In some ways, the most unsettling movement is the shortest, Agnus Dei (Lamb of God), a plea for rest/peace after death that Britten juxtaposes with an Owen poem criticizing organized religion for having abandoned Christ, gone over to the dark side so to speak, and having switched allegiance to the State. And when this conflicts with the extreme pacifism that Christ preached, it's the pacifism that's abandoned: "The scribes on all the people shove / And bawl allegiance to the state / But they who love the greater love / Lay down their life; they do not hate." When Owen then adds "Dona nobis pacem" (Grant us peace) from the Ordinary Mass version of the Agnus Dei, there are multiple levels of meaning and perhaps even sarcasm; Britten places it up against the chorus's "Dona eis requiem sempiternam" (Grant them eternal rest) from the Requiem text. All of this is accentuated by Britten's restless music, which moves with a steady tread through an unsettling scale that grants neither rest nor peace. It is followed by the closing movement, Libera me, which mixes the Latin text -- including such fraught lines as the Mass's "Deliver me, O Lord, from death eternal" and "May they rest in peace" and the boys' choir singing "In paradisum deducant te Angeli" (Into Paradise may the Angels lead thee) -- with Owen's "Strange Meeting," which is the crux of the War Requiem's meaning: two soldiers, one English, one German, meet on another plane of existence. The English soldier had killed the German soldier the day before; now they mourn together "the undone years," a phrase which cuts two ways.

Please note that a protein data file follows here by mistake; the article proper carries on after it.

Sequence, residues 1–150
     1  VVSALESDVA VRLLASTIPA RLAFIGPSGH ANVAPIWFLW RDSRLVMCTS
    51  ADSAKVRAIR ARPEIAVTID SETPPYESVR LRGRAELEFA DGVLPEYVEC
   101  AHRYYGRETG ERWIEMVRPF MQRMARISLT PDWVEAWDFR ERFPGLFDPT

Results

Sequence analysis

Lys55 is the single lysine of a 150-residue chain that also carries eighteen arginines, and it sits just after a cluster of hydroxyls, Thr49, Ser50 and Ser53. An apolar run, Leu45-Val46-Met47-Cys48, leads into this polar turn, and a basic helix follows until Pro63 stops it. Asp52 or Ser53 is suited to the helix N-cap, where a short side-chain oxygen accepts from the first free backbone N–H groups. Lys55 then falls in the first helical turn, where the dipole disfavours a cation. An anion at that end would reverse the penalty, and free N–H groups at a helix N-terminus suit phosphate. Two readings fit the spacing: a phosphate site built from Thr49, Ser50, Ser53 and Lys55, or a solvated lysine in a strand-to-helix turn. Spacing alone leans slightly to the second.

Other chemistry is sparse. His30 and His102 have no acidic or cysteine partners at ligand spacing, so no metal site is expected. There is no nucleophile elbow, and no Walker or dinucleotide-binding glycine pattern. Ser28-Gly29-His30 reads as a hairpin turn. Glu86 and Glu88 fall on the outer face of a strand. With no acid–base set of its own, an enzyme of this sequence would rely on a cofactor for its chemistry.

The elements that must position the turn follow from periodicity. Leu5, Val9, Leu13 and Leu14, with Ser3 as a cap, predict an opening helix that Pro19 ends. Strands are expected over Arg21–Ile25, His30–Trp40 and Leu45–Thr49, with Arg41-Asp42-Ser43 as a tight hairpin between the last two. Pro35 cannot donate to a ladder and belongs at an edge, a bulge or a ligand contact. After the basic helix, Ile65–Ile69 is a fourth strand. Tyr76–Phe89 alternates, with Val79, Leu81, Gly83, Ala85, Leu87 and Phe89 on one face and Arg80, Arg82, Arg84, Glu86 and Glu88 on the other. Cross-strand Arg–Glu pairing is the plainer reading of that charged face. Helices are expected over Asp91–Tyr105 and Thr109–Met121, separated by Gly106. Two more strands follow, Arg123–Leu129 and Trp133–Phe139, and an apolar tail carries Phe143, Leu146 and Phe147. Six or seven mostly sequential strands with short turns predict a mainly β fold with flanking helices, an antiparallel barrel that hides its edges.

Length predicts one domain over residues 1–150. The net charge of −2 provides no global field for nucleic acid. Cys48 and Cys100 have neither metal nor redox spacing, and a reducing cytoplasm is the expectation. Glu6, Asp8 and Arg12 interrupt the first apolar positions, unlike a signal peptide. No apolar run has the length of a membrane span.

There have been a number of fine recordings of this work, starting with Britten's own. In the recording studio, he was able to use the soprano soloist for whom he had written the part, the Russian Galina Vishnevskaya; the Soviet government, still angry over its massive losses in World War II at the hands of the German Army, was not ready for reconciliation, so Minister of Culture Ekaterina Furtseva didn't let Vishnevskaya sing at the premiere (nor were the officially atheist Communists going to be sympathetic to anything religious). This had temporarily thwarted Britten's plan of uniting soloists from the Soviet Union, Germany (baritone Dietrich Fischer-Dieskau), and England (Pears), three nations that had suffered greatly in World War II, the war that had left the old cathedral a bombed-out shell. Britten's recording, on Decca, obviously has both historical significance and interpretive primacy, not to mention harrowing performances by all three soloists.

But in several important aspects, Britten's recording is surpassed by Richard Hickox's 1991 recording on Chandos (which also includes fine performances of Britten's orchestra work Sinfonia da Requiem, Op. 20, and Ballad of Heroes, Op. 14 for tenor, chorus, and orchestra; both are also memorial works, though obviously of much smaller scope and less maturity). Having all British soloists may lose the symbolism of Britten's recording, but the Owen poems, in English, are more clearly sung by Hickox's bass-baritone John Shirley-Quirk than by Fischer-Dieskau. Also, the sound is vastly superior, offering greater fullness and much more clarity (and it was also issued in 2003 as a hybrid Super Audio CD that's sonically superb). Nor is this recording without some historical significance of its own: the soprano soloist is Heather Harper, who subbed for Vishnevskaya at the premiere; Harper's Latin pronunciation is more practiced. Tenor Philip Langridge may not quite offer the interpretive brilliance of Pears, but his voice is better. Having both recordings is ideal, but choosing between them, Hickox's gets the nod.